Existing section 126 is replaced by proposed section 126, which is designed to allow the Chief Justice to assign a judge to manage an appeal that is complex, or slow moving, or for some other reason requires ongoing management by a judge. The judge takes responsibility for the progress of the appeal to ensure that the appeal proceeds to trial in a timely way while conserving judicial resources.

Proposed section 126.1 provides that a trial management conference can be held after the appeal hearing date has been set and is presided over by the judge assigned to preside at the hearing. The conference is to ensure that the hearing proceeds in an orderly and organized fashion.

Proposed section 126.2 permits the Court to direct that a conference be held for the purpose of exploring the possibility of settlement of any or all of the issues.

Amendments are required to section 127 to add references to sections 125 and 126, and to proposed section 126.1.

Amendments are required to section 128 to add references to matters related to a settlement or settlement discussions during a litigation process conference.

(2) Implementing new rules and amending existing rules governing expert witnesses and the admissibility of their evidence in the Tax Court of Canada

Subsection 145(1) is amended to replace the reference to “affidavit” by “expert report.”

Proposed subsection 145(2) provides that the expert’s report must set out the proposed evidence of the expert, the expert’s qualifications and be accompanied by a certificate signed by the expert acknowledging that the expert agrees to be bound by the Code of Conduct for Expert Witnesses that is added as a schedule to the Rules to ensure that expert witnesses understand their independent advisory role to the Court. Proposed subsection 145(3) indicates that if an expert fails to comply with the Code of Conduct, the Court may exclude some or all of the expert’s report.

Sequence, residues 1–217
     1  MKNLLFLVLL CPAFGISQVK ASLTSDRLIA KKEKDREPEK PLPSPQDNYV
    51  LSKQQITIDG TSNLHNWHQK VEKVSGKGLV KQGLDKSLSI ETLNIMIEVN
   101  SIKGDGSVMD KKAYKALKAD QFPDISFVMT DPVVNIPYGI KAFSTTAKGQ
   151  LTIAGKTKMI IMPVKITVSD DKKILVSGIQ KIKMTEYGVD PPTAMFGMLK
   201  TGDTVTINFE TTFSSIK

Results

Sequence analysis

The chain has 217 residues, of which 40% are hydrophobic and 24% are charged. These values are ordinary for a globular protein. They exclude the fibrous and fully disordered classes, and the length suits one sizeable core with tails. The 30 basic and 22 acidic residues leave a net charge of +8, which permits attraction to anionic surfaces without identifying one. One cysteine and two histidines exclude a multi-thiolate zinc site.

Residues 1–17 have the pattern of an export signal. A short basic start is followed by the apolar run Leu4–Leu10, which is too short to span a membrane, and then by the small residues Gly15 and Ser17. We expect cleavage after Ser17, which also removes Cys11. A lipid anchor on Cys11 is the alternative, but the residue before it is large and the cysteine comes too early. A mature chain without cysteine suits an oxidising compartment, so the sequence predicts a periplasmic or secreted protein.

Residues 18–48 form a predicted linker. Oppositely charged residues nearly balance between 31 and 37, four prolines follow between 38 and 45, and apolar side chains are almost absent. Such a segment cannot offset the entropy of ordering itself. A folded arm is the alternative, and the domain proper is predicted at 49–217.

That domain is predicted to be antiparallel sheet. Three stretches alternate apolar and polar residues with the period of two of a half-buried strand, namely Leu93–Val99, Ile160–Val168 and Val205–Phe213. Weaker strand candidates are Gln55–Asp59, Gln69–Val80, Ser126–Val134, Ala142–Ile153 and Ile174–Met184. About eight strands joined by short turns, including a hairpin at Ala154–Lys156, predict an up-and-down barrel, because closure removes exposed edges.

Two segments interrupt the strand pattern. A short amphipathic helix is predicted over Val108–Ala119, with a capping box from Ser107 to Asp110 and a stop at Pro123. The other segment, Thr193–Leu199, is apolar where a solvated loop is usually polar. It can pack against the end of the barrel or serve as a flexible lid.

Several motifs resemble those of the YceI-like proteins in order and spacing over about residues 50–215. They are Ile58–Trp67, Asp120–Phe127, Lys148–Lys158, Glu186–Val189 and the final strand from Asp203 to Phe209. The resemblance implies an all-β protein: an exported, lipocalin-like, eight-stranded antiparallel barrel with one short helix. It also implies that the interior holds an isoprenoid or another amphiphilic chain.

Proposed subsection 145(4) requires a party to seek leave to the Court if they intend to call more than five expert witnesses at a hearing and proposed subsection 145(5) indicates what the Court has to consider in deciding to grant leave.

Proposed subsection 145(6) allows parties to name a joint expert witness.

Existing subsection 145(2) is renumbered subsection 145(7) and specifies the conditions that need to be met in order for evidence of an expert witness to be received at the hearing.

Existing subsection 145(4) is renumbered subsection 145(8) and indicates how evidence in chief of an expert witness is to be given at a hearing.